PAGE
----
Title: Fortune’s Folly
Author: Cat Dubie
Genre: Historical Fiction
When Eden Fitzgerald’s father and brother are arrested and sent to prison, she promptly gets married. Not for love or money, but to persuade her influential in-laws to help free the men.
While she cleverly evades Crown agents who believe she, like her father, is a smuggler and Fenian collaborator, she does what she can to achieve her goal. But when all legal methods are exhausted, she dons a mask, carries a pistol and, using her wiles, wits, even her seductive beauty, robs wealthy citizens to pay for her father’s escape.
Her life grows ever more complicated by the lustful attentions of several men who profess to love her, and the one man she loves but dares not trust. Meanwhile, her crimes worsen, culminating in murder and what may be treason. As Montréal police, British agents, and men she betrayed grow more dangerous and determined to apprehend her, she must stay one step ahead of her pursuers.
Eden declined André's invitation to join the celebrations in honor of Dominion Day, the day four of the provinces united as one country. She could have gone, for the wetnurses now nourished the twins. But she did not want to hear marching bands, nor to see buildings and ships bedecked and beflagged. She did not want to witness the fireworks, no matter they were rumored to be the most extravagant display ever held in North America.
She told André she was not in a celebratory mood because Prince Edward Island rejected inclusion in the new country. A partial truth.
Louis, home that evening, received two visitors and led them to his study. Eden settled in the library at the lacquered writing table to finish a letter to her brother. “I’m glad you and Susanna are getting married this August—”
She paused, startled by the sound of voices seeping through the wall. She rose and tiptoed to the bookcase. It had been built into the wall and the voices came from a cavity among the books. The sacrosanct study was on the other side.
"If you have come on business," Louis said, "why not visit the offices?"
"Our business is better done in privacy." A brief pause. "We recently spoke to M’sieur Alfred Kells of the Lancashire British banking firm. He informed us you covertly transport cash to the Continent. And you guarantee delivery or will replace the amount with your own funds."
Paper crackled, then Louis said, "M’sieur Kells appears confident in the purpose of your request. What you ask can be done for a price, five percent of the amount involved." After their murmured agreement he asked, “How much money is there?"
"Two hundred thousand pounds, to be sent in small increments at first, ten thousand at a time. The money goes to Marseilles for a certain venture. You may call it a business venture, for isn't this after all the major goal of any civil revolution?"
Eden leaned closer. A stunning declaration, a stunning amount!
“So, you are fomenting revolution in France?" New sharpness in Louis’ voice. Probably plotting how he could profit from this knowledge.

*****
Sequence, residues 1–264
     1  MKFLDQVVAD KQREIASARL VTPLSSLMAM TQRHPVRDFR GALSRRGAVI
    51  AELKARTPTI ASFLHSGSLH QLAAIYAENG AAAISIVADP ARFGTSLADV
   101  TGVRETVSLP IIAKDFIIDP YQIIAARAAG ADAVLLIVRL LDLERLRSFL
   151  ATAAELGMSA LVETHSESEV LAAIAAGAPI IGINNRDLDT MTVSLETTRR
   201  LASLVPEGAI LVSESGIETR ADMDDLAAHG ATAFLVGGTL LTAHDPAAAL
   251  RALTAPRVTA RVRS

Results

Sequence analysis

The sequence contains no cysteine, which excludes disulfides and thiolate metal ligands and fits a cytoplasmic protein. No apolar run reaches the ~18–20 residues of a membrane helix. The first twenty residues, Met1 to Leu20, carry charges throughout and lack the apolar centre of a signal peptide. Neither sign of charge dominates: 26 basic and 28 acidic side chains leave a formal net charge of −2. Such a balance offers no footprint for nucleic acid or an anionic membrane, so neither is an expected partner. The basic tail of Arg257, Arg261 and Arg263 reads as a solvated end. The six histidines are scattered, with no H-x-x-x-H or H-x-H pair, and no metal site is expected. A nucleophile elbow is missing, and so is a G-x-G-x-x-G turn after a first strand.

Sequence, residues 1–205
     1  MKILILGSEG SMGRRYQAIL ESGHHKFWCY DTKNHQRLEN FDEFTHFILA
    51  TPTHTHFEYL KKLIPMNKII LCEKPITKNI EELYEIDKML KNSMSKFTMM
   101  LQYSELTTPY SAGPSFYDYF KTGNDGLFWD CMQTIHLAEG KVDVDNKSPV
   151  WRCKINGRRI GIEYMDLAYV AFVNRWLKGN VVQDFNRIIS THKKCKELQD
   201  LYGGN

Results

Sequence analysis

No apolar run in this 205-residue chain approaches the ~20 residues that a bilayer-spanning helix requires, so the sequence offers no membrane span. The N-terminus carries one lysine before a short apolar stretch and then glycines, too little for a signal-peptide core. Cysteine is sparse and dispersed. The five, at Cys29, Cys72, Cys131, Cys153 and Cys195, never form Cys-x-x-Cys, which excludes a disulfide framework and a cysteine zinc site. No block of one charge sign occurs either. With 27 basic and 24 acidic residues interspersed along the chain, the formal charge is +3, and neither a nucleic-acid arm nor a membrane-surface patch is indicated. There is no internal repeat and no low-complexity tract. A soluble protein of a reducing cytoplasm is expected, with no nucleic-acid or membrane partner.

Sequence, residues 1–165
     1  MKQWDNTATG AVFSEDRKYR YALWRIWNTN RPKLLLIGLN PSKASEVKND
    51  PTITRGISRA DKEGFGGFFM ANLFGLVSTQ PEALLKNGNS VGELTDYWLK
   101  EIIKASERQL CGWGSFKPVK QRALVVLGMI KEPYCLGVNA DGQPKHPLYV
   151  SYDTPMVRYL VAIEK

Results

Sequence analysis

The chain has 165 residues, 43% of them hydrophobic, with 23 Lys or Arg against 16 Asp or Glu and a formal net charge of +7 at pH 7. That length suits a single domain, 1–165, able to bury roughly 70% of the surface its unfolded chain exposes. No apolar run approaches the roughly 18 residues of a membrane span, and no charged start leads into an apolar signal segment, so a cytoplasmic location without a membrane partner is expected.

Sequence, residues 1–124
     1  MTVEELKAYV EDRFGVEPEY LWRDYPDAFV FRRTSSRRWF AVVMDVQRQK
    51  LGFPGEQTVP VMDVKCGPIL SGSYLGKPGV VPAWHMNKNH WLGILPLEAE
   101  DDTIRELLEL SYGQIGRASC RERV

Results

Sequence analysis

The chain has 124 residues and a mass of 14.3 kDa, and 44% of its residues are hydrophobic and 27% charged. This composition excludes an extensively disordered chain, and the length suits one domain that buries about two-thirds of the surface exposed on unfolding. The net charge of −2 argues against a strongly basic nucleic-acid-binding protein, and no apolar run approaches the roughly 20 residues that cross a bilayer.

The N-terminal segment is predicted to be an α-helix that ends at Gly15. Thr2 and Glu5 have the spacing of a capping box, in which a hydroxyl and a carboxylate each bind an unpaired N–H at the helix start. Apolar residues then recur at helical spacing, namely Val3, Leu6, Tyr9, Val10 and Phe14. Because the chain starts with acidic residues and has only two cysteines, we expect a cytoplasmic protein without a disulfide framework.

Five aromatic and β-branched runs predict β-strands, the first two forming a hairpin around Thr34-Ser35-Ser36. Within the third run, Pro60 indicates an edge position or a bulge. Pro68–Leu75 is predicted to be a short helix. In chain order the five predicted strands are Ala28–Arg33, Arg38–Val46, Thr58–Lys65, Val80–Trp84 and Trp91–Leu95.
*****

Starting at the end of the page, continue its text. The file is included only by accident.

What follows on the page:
“A revolution is necessary. The Second Empire is but a house of cards. Louis Napoleon is failing, his power slipping away. We represent certain interests who would ensure a swift overturn of power. It is our understanding you assisted others for, ah, less noble reasons. Do you undertake this request?"
“I do, for the percentage agreed upon, paid in advance."
Following a muttered discussion, one visitor said, "It will be difficult to give you the first ten thousand pounds and have nothing to show investors. May we suggest you take one-half of the first two shipments? Then five thousand pounds will be sent and our people will be satisfied."
"Very well. I conceal cash within framed paintings. What is your plan?"
“We want the cash aboard La Flamme, scheduled to leave August ninth. The ship’s first mate awaits your courier on the port side between midnight and three o’clock.”
“You have my word the courier will be there on time. Does this satisfy you, gentlemen?"
"Thank-you, M’sieur Fontaine. We appear to have a compact. La Flamme discharges her cargo and returns for another shipment in early September."
"As our business is done, shall we retire to the salon? I have excellent cognac."
Eden waited until their voices faded and a door closed. Louis had revealed himself to be a smuggler on a far grander scale than her family ever had been. And he pretended to be above all reproach. What a load of rot!
But he had given her a gift—an opportunity to obtain much needed cash.
She returned the missing books to their places, then sat at the writing table and picked up her pen. "I'm sorry, Martin," she wrote. "I can't see any way of getting to the Island this summer. August promises to be very busy for me."
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The life of a strong and determined heroine is filled with passion, drama, love, family loyalty, treachery and betrayal. Add several lusty men to the mix!
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I’ve written creatively since forever, it seems. Poems, short stories, novels, reviews, essays, even the odd letter to the editor. My day job as a technical writer for various levels of government was the labor I did for a living so that in my free time I could indulge in my labor of love, writing fiction.
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